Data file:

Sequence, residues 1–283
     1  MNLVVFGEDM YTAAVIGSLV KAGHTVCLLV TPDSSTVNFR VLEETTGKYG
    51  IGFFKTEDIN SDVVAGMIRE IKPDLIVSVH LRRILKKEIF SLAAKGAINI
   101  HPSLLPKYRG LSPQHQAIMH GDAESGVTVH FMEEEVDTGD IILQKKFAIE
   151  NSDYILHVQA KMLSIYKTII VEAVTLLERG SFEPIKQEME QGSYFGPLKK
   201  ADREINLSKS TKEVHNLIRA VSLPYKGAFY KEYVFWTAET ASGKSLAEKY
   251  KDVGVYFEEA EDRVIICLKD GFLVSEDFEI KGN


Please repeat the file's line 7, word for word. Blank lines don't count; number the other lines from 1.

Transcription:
   251  KDVGVYFEEA EDRVIICLKD GFLVSEDFEI KGN